By Rami G. Khouri
Mar. 21, 2015
We should keep our eyes on one arena and two actors in any serious assessment of the repercussions of the national election in Israel this week that resulted in a strong victory by Benjamin Netanyahu’s Likud Party and a consolidation of right-wing sentiments: The critical arena is Israeli-American relations, and the European and Palestinian leaderships are the two pivotal actors to watch. The American-Israeli relationship has defined almost all other developments in Arab-Israeli diplomacy since the late 1960s, when American policy structurally and decisively tilted to a pro-Israeli position. Other than the occasional, momentary and superficial rap on Israel’s knuckles by Secretary of State James Baker or President Ronald Reagan, or an unsuccessful push by President Barack Obama to freeze Israeli settlements, the United States has supported or acquiesced in all major Israeli positions on relations with Palestine. The posture of “no daylight between the U.S. and Israel” has covered all fields, including military, technical and economic aid, diplomacy at the United Nations, warfare and initiatives in international forums.
Obama-Netanyahu tensions in recent years finally exploded this week, capped with a declaration by unnamed U.S. officials that Washington would now reassess or re-evaluate its positions on Palestinian-Israeli issues in international forums, such as the U.N. Security Council. Reportedly this could include American support for a Security Council resolution outlining the broad contours of a two-state resolution, which Israel adamantly opposes.
We will know soon if these are momentous structural shifts in the American position, or passing emotional irritations more linked to personalities than to policies. If the U.S. does support a Security Council resolution affirming a two-state resolution, that would be an important sign of real change. It would open the door to new dynamics in which the United States for the first time differentiates, in its actions rather than just its words, between its ironclad support for Israel’s security and its objections to Israel’s occupation and settlements policies. A shift in the U.S. position would dramatically open doors to substantive political developments in several arenas, emphasizing the un-tenability of the occupation and colonization of Palestinian lands since 1967.
This ties in with the two political actors we should now watch – the European Union and the Palestinian leadership – to see if meaningful diplomatic change will occur. The EU was a global pioneer in affirming Palestinian national rights in the 1980 Venice Declaration that backed legitimate Palestinian rights and self-determination. Then Europe more or less took a leave of absence from Palestine-Israel diplomacy for some 35 years, before returning to action last year and imposing sanctions on relations with Israeli entities that operate in the occupied territories.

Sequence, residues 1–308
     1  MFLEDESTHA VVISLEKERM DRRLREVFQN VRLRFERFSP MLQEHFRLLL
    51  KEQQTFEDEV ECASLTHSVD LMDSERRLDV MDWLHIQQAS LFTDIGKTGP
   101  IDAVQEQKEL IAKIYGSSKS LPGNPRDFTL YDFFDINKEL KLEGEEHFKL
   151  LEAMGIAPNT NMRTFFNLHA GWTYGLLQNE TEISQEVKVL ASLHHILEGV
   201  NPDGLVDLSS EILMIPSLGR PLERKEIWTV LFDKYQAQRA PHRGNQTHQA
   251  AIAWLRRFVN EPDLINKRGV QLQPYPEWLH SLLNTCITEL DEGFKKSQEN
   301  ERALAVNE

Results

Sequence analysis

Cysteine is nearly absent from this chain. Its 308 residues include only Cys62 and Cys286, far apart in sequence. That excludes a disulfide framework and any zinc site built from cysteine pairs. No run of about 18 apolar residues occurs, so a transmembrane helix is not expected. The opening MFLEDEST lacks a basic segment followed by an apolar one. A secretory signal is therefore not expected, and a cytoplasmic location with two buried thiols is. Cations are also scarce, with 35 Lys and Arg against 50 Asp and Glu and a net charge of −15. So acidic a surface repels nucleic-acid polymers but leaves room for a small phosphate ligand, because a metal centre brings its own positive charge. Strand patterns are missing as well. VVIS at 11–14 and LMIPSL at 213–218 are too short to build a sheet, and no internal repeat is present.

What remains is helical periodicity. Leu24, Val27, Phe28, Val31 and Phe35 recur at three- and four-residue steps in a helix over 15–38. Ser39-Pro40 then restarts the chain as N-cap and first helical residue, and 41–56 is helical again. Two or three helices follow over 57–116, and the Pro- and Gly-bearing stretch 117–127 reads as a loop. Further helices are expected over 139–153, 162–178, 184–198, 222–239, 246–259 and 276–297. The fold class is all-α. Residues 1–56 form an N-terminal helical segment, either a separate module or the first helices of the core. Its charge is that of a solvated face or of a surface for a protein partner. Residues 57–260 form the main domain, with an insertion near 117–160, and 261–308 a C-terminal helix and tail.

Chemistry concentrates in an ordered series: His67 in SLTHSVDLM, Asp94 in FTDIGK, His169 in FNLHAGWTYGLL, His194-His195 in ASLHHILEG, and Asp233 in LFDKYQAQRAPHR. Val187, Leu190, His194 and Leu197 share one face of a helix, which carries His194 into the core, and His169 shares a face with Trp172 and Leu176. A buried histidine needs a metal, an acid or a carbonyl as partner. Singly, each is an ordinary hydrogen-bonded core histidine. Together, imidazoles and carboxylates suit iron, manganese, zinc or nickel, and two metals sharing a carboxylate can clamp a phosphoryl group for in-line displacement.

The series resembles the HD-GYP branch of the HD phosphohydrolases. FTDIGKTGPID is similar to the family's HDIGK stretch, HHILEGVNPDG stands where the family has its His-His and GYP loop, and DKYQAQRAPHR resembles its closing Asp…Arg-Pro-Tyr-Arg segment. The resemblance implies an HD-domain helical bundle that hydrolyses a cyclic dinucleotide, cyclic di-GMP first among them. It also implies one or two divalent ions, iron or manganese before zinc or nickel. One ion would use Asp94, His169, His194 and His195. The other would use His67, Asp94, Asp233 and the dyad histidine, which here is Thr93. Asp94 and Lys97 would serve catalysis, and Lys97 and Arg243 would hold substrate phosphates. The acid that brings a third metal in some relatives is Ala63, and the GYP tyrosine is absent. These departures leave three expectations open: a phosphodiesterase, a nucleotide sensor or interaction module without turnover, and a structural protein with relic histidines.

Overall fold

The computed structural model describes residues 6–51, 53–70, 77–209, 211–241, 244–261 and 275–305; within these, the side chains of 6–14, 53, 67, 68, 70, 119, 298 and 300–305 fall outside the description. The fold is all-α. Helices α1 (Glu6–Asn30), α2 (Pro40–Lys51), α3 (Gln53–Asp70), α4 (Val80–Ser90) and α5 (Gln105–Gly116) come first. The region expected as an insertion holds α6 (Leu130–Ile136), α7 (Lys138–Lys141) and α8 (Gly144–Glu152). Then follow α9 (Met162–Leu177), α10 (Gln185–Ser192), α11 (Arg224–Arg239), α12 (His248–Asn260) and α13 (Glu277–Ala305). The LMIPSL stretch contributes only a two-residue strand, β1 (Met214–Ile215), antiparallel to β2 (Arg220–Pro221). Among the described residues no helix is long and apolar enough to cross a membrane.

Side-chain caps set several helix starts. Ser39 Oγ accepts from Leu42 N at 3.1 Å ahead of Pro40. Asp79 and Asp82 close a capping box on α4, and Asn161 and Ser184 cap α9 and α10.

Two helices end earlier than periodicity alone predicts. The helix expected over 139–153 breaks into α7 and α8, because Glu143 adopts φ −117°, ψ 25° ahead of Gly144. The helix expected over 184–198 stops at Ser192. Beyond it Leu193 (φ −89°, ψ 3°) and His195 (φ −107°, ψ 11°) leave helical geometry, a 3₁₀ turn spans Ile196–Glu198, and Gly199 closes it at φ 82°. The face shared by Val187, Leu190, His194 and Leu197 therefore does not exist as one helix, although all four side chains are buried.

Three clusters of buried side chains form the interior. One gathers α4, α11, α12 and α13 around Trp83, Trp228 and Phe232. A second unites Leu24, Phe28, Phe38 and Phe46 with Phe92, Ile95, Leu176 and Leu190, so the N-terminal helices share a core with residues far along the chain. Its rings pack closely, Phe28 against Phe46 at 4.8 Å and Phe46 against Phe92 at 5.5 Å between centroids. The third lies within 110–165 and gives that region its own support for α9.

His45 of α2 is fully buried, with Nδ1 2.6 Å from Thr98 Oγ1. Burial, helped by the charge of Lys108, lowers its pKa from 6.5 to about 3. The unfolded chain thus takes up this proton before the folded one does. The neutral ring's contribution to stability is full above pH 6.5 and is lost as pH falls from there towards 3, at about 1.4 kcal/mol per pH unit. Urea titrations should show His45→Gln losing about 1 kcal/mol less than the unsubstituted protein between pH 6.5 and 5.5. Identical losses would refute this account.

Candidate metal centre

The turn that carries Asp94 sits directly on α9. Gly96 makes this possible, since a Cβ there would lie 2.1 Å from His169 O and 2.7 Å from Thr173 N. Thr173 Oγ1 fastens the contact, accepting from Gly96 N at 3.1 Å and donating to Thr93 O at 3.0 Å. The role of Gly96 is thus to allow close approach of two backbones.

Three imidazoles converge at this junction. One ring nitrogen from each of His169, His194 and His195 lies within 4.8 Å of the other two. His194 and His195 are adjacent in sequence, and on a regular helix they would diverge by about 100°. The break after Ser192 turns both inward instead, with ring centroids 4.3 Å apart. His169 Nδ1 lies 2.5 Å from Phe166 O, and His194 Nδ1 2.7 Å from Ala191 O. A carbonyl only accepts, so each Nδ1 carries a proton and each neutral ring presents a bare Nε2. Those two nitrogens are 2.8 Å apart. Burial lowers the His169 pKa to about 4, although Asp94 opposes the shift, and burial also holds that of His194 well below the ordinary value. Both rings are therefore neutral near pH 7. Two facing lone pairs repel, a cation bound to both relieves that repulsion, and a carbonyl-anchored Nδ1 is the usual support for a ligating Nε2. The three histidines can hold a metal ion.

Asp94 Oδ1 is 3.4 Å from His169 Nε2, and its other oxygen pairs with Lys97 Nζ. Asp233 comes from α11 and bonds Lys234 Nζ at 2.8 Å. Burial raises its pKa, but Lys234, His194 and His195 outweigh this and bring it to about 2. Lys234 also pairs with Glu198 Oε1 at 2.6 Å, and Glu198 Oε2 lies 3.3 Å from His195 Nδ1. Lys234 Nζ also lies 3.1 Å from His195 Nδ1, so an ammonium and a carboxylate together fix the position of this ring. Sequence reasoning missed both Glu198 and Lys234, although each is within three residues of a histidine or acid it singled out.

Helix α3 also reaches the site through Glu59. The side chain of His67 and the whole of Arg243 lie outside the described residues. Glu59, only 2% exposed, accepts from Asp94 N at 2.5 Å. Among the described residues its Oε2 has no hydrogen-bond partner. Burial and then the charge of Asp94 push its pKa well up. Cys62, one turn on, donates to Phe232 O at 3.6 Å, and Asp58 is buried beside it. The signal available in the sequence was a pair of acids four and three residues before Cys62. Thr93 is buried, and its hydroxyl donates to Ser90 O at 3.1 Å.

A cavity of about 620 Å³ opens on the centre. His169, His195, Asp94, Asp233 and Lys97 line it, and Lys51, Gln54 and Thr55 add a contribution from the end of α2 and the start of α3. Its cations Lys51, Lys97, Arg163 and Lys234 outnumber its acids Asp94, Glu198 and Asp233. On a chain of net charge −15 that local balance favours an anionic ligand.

It will be important now to see if the EU persists in this direction and more tangibly asserts its support for Israel’s security within its 1948 borders, while punishing Israel for its colonial policies in the territories occupied in 1967. A European lead here, including possibly formal recognition of the state of Palestine in the occupied territories, would spark important similar follow-up measures by governments, civil society and the private sector.
The Palestinian leadership is the weakest link in this diplomatic chain of actors and issues, due to three related factors: the impact of Israeli occupation-colonization; American, European and Arab policies that perpetuate the status quo; and, the internal incompetence and autocratic nature of Palestinian politics. The Palestinian leadership must now exploit the new landscapes of opportunity and possibility that have been opened up by the small breach in U.S.-Israeli ties and the initial stirrings of reinvigorated European activism.
The Palestinians should take action to achieve several goals simultaneously. First, they must rehabilitate the Palestinian leadership itself by reconstituting the institutions of the Palestine Liberation Organization as a legitimate, active representative of all Palestinians.
Second, they must push hard on several international fronts to challenge and delegitimize Israeli actions in the occupied territories. This includes the International Criminal Court, the U.N. Security Council and General Assembly, and other forums, using nuanced diplomatic engagements to elicit American and European support for measures criticizing Israel’s criminal colonial behaviour.
Third, the Palestinians must work with governments and civil society groups around the world to exert serious pressure to end Israel’s colonization-occupation practices, in the same manner that the world mobilized against Apartheid South Africa.
New opportunities for diplomacy that may now arise from the evolving pivotal relationship between the American and Israeli governments demand proactive initiatives by Palestinians, Europeans, Arabs and civil society across the world. The aim is to build up pressure and provide possibilities for a negotiated two-state solution that satisfies the legitimate rights of all parties.